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Is buying a house a good investment?

Uppdaterat: 15 juli 2020


Photo by Kelly Sikkema on Unsplash
Photo by Kelly Sikkema on Unsplash

There are a few different things to consider here and I will do my best to explain it so that it makes sense.


When we talk about "investments" there is first a thing that we need to clarify. An investment can either go well and make us money or not go well and make us loose money. So the fact that it is an investment doesn't necessarily mean it will go well.


In order for an investment to be a smart choice, a good one, it needs to put money in our pockets. That can be done in two ways:


1. when you sell your house for a profit (you paid less than what you sold it for)

2. when you can have a positive cash flow which means that you have rented out your house to someone who pays you more rent in a year than what your costs are each year (for that house)


A lot of people buy a house as their only "investment" and keep paying the mortgage and the principal down for many years hoping to one day sell for a profit or to have it as something valuable to loan money against. This is not the best use of your money because of the following reasons:


  1. When we think that our house is an investment we usually end up buying a bigger house than needed which is not a good money move

  2. You pay your mortgage and all the ongoing costs yourself, not a tenant

  3. You cannot control the real estate market and how things will develop, if the value goes down

  4. You actually need a place to live in and that means you probably wont sell it to make a profit (if it's possible), which removes one of the two options to make money on your house

  5. Taking out "equity" of your house by borring against it, makes you vulnerable against market changes (if value goes down you still have to pay the loan) and takes out money from your pockets instead of adding to them.

  6. Having your biggest investment in a house makes you vulnerable to change, e.g. if you need to move because of a job or divorce which leads to selling at a specific time (unless you can rent it out). The time horizon is not 100% in your control.

  7. It is not a diversified way of investing which is one of the cornerstones of good investing. If something really bad happens to your house it could wipe you out financially.

  8. You loose out on passive income. For each XX thousand of dollars that you keep in your house, that is money that could probably work for your harder elsewhere. (unless you are lucky in a good real estate market + time period) E.g in the stock market or other investments.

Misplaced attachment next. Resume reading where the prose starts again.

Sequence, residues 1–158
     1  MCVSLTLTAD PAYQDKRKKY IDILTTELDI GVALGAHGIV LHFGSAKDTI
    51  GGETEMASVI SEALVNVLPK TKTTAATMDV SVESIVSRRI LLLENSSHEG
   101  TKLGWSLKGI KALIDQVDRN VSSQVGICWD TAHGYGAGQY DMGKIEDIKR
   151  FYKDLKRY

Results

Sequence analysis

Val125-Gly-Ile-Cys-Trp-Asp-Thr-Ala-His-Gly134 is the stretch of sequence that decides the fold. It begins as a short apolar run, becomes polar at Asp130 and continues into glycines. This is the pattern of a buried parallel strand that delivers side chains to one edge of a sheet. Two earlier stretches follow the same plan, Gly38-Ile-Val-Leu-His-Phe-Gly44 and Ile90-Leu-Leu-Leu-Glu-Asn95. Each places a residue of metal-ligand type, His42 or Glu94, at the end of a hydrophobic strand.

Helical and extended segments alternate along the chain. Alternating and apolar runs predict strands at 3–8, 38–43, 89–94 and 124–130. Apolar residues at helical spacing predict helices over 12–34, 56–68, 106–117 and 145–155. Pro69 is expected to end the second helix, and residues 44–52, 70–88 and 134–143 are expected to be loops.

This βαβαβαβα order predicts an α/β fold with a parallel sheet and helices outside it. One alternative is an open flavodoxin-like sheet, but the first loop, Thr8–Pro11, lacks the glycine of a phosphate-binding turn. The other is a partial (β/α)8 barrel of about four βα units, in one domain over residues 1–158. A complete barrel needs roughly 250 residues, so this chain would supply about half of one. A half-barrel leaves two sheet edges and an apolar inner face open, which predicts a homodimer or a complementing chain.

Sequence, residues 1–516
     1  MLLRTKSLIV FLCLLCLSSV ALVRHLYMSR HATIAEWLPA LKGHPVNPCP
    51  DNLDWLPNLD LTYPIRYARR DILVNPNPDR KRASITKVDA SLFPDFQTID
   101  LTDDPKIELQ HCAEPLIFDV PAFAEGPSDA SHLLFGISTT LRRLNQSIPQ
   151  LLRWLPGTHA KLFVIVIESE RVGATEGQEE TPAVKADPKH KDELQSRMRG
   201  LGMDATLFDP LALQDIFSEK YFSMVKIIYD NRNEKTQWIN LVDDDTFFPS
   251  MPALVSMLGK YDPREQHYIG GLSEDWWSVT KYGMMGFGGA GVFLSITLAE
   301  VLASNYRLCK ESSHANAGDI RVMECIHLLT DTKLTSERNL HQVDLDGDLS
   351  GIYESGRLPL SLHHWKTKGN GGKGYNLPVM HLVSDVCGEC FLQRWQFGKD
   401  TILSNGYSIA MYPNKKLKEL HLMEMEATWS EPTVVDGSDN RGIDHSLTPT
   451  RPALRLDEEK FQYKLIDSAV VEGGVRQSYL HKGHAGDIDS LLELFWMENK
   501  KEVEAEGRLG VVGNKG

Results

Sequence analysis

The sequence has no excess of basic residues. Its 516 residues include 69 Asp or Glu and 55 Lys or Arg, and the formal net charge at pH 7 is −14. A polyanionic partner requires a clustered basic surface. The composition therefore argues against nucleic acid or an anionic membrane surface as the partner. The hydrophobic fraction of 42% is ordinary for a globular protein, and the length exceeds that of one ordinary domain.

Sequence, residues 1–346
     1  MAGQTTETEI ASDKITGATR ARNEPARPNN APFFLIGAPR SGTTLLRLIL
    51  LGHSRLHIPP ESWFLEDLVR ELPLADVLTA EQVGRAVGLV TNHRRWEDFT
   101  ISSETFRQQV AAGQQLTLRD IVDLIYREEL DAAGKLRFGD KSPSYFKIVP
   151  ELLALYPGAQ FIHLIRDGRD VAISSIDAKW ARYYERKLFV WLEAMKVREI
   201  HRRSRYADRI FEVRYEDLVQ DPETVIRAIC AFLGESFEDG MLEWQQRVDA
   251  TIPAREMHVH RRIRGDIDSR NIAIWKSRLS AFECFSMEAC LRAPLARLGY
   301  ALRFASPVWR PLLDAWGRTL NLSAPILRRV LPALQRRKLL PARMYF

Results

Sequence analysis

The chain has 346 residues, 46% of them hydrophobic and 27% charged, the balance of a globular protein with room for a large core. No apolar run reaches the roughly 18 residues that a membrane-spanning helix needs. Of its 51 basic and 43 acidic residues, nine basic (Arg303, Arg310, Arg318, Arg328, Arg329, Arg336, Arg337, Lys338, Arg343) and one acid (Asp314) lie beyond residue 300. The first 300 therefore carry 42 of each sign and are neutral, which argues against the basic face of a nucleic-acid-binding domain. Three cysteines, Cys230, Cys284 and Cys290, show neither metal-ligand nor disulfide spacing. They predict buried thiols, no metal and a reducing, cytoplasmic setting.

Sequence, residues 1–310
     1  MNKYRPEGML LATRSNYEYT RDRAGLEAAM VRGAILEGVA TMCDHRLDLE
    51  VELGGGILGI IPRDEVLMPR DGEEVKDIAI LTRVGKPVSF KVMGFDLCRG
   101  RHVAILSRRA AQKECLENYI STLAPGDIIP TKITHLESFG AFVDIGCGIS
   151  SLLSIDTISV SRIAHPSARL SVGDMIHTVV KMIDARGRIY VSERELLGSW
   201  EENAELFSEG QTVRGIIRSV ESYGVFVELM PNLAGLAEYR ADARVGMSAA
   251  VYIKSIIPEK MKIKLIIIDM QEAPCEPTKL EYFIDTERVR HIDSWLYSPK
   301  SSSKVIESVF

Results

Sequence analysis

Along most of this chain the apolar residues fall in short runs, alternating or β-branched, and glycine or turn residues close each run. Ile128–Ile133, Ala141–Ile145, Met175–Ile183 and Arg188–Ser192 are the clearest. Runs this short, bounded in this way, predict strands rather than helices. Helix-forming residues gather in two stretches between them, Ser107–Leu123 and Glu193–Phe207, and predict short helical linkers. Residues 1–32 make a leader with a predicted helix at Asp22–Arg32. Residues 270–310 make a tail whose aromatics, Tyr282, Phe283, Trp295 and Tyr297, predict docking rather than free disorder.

A lot of people have made a lot of money on their house in good markets and in good periods of time. The opposite is also true which makes it difficult to invest unless you have very good knowledge of long term investing in housing.


That leads us to professional real estate investors. This is a completely different kind of approach which I think a lot of people can learn if they wanted to. It is historically one of the best ways to grow your money and build significant wealth.


Professional real estate investors:


1. They don't live in their own investment houses, they normally live in a more modest house/apartment in the beginning of their career


2. They calculate the chances of profit based on a lot of research: the neighbourhood, what other house in that area sell for, what other houses in that area rent for, what are the demographics of tenants (families, students?), costs of renovation, heating, water, garbage removal, taxes, maintenance fund etc. Most importantly, they do this BEFORE deciding to buy or not.


3. Once they have all the data they will put it in a spreadsheet and see how the numbers look. What they are looking for is a positive difference once everything is paid for. That way they create passive income for themselves.


4. They can also find other ways of value-creation like finding a run down house in a nice neighbourhood and "flip it" by renovating it, changing tenants etc.


I'm not a professional real estate investor so this is a simplified explanation just to give some insight to that world.


With any housing purchase you normally have a mortgage and that means that you use leverage on your money. That means that when things go well, they go very well and when they go bad, well then they go extra bad.


With all that said, buying a house is normally more of an emotional purchase than a rational one. It's so important to keep cool and do the numbers before buying, also for a house to live in. Since housing is one of our biggest expenses it is also one of our biggest opportunities to create more financial freedom in our lives. The smaller & cheaper you can live (in a good neighbourhood!), the better for your money situation.


Thanks for reading!


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